Siemian Hangs In Long Enough to Lead Broncos ComebackBy Jonathon Natsis
A big question mark at quarterback was supposed to derail of coronation of the Denver Broncos Thursday night in Colorado. Cam Newton and the Carolina Panthers had improved on offense, and simply fielded too good a defense. The narrative was the same in the lead up to the Super Bowl, and so was the outcome. But this time it was not Peyton Manning, but the unknown Trevor Siemian who grabbed the reigns and held tough to give the defending champs a 1-0 start.
Siemian was undeterred by a rocky start that saw his offense move the ball efficiently between the red zones, but fail to come away with points. A productive first drive ended in a fumble on RB Devontae Booker’s first-ever carry.
When Denver next looked threatening, Siemian had to unload the ball under duress. The pass was tipped by Star Lotulelei and intercepted by the aware Thomas Davis. As the Panthers cruised to a 10-point lead at halftime, it appeared the baptism of fire would end miserably for the former seventh-rounder.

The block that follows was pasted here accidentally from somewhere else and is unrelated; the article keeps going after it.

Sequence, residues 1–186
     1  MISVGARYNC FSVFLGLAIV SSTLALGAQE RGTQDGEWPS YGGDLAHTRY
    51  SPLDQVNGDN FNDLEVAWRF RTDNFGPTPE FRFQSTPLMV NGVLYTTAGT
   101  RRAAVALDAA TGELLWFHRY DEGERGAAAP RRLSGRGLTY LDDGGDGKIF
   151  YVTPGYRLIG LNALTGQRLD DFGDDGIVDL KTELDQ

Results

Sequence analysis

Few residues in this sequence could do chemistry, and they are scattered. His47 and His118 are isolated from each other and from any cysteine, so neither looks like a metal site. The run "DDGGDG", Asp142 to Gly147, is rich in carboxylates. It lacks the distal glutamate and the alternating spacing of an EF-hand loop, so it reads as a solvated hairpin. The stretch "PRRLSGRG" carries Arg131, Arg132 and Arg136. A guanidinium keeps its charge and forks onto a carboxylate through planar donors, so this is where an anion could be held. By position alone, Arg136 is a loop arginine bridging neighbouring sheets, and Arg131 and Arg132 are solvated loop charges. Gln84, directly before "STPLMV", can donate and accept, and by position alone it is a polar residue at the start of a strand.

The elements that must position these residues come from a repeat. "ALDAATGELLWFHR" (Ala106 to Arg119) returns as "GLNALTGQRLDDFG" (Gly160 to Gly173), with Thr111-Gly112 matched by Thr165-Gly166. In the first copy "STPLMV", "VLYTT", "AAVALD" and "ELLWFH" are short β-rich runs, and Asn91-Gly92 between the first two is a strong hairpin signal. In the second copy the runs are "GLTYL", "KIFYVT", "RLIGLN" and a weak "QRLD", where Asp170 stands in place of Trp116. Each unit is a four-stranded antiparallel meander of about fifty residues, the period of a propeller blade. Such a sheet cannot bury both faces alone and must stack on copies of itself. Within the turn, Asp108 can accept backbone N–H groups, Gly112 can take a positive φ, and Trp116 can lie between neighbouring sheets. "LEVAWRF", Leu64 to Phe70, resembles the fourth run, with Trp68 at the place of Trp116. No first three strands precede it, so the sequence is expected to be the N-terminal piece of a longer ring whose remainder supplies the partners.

But finally – one halftime break and another interception later – Siemian began to take advantage of some shrewd and patient playcalling. The run-first Broncos refused to abandon the ground game, feeding workhorse tailback C.J. Anderson 20 times for 92 yards and a touchdown. Anderson added another score through the air on a screen pass, the first (and perhaps easiest) of Siemian’s career.
Young Trevor didn’t flinch in the face of a fast and furious front seven. He kept the game close for just long enough to ensure the infamous Denver altitude would start getting to his opposition. And get to Carolina it did. As the Panthers’ pass protection grew lethargic in the fourth quarter, Denver’s pass rush started to loosen up. The result was a series of brutal – at times, borderline illegal – hits on Cam that ushered in the heated competitiveness of football we’ve so sorely missed.
When the dust settled, it was once again Denver’s defense that had soundly won yet another game. But in spite of the hiccups, mistakes and signs of inexperience, one thing became clear: the Broncos will no longer be winning in spite of their quarterback. The kid’s got heart, poise and resilience in spades. Prime Peyton he isn’t, but the Broncos just want him to keep being Young Trevor for now.